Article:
To get ahead in modern-day elections it seems that one must come from behind.

I am too wet behind the ears to know when and where this phenomena originated but I would start with Bill Clinton, the ‘Comeback Kid’. Seemingly down and out in New Hampshire in 1992, Clinton turned it around with calculated risks and used that momentum-gathering moniker to great effect from then on in. The same strategy has been used by Barack Obama against Hillary, Ed Miliband in the Labour leadership contest and Gordon Brown (well, Peter Mandelson) in the recent UK elections, with mixed degree of success.

As Scotland’s political parties shape up for May 2011, there appears to be a similar jostling for the coveted perceived second place going on. While Lib Dems, Tories and Greens quite understandably talk themselves up, there is a certain talking down going on from Labour.

This thought emanated from Iain Gray’s talk of an ‘elite’ (which he seemingly wants no part of) and refrain of being a humble teacher and it crystallised upon reading John Park MSP’s guest post over at A Burdz Eye View, seemingly a follow up from Labour’s election and campaigns co-ordinator on themes from Iain Gray’s leader’s speech at the Scottish Conference. John makes an imaginative comparison between Labour’s coming election campaign and the Spartan battles that were fought against preposterous odds by an outnumbered few. This is the same story of the recent film ‘300’ but don’t take that thought much further as surely noone wants to imagine the Shadow Front Bench in tight leather pants.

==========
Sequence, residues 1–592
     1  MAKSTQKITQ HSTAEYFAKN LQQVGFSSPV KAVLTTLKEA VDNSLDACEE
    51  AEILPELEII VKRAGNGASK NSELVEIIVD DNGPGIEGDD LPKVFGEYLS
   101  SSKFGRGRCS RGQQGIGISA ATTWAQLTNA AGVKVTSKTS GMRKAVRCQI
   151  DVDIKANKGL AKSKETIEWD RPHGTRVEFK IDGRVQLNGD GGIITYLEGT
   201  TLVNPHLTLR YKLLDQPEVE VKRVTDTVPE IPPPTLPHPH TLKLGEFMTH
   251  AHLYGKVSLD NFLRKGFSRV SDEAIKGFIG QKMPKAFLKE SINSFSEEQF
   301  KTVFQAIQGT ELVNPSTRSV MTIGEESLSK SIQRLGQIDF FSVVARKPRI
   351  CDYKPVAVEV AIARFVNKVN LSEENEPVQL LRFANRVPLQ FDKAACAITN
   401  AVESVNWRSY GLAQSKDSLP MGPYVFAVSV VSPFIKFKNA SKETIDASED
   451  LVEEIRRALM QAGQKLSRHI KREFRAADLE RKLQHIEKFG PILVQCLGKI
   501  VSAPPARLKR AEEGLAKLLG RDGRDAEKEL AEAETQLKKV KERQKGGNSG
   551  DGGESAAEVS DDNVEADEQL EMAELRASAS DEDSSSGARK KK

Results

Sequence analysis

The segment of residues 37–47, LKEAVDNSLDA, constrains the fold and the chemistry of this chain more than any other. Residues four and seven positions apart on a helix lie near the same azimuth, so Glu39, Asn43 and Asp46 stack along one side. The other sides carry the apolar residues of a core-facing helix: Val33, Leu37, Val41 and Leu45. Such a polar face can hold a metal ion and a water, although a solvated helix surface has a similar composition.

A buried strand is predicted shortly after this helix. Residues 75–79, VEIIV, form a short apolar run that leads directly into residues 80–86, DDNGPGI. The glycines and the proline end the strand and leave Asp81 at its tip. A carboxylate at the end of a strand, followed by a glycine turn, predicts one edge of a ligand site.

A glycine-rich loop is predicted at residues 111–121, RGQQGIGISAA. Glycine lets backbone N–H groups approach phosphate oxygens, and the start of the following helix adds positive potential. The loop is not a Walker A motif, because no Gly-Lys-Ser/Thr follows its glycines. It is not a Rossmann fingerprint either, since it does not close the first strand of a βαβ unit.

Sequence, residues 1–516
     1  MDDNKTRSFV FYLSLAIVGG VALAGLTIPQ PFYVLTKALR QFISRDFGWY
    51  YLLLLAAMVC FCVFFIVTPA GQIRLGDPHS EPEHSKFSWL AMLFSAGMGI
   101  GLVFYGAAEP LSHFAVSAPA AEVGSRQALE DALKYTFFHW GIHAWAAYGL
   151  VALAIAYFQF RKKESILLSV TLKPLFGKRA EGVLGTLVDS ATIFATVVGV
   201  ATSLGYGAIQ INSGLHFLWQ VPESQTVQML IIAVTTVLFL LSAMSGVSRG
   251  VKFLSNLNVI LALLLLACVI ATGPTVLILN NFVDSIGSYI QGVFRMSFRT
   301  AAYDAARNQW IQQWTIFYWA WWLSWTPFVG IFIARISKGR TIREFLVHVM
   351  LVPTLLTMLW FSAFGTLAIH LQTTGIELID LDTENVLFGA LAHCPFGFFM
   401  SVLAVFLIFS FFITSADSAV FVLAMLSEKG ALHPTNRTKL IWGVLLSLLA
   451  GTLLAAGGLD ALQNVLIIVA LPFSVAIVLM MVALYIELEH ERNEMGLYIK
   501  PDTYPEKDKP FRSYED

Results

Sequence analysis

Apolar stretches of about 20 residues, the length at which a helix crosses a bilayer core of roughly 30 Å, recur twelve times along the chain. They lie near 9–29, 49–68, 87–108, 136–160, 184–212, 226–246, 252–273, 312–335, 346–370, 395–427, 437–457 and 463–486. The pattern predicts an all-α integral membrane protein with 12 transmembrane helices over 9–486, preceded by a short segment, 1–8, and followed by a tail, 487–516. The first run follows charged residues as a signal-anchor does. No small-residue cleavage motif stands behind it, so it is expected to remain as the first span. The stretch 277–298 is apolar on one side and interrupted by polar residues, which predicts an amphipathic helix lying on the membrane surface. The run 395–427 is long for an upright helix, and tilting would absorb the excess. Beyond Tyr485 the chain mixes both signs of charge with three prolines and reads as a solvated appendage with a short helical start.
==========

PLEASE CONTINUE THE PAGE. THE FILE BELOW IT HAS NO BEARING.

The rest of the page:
Any objective assessment of the May campaign would at least have the SNP and Labour on an equal footing, many would say that a press favourable to Labour, often slavishly fawning in its analysis, a UK-wide party machine that is used to winning and an electorate pre-disposed to voting Labour does not equate to facing ‘numerous arrows that blocked out the sun’, as the Persians did.

I should say that I may have misunderstood the metaphor, (though I don’t believe I have). Labour’s ‘fighting in the shade’ line may relate merely to knocking doors in the evening darkness over the coming Winter months, imagery that suggests a confidence and optimism for the battle ahead, but at odds with the ‘fighting against the odds’ overtures.

The question is, if Labour is adopting a strategy similar to SNP’s underdog ‘Rage against the Machine’ theme from earlier this year, then is it correct to do so?

Although I can understand the fuzzy satisfaction gained from supporting the little guy, I prefer to save that for sporting events or Hollywood moves. I certainly do not understand a politician wilfully painting oneself as that little guy before the eyes of the nation, particularly when your tagline is ‘Scotland deserves better’. We are, theoretically at least, voting for the best of the best into the First Minister role here and the person for the job should be adamant that they were right before, they are right now and will be right until kingdom come.

I personally am impatiently waiting to be inspired, waiting to be swept off my feet by a leader or party that is head and shoulders above the rest, that can deliver a Scottish confidence and can-do attitude, either on the crest of a devolved Scotland wave or surfing an independence alternative. I do not particularly want someone who shuns the elite, just wants to be one of the guys (or girls) and thinks they are on the outside looking in when, in reality, they are already a significant part of the establishment.

This surge in insurgent campaigns coupled with delusions of modesty seem to involve a mentality of taking one step backwards in order to take one giant leap into office, trading on an inferiority complex amongst the electorate where some prefer the plucky outsider to the current establishment, all other criteria being equal.

It shouldn’t be good enough. Confidence and personality should fill the First Minister’s office and it is perhaps ironic that the incumbent who holds both in overflowing abundance is being challenged by a man who, purposefully or otherwise, appears to have neither.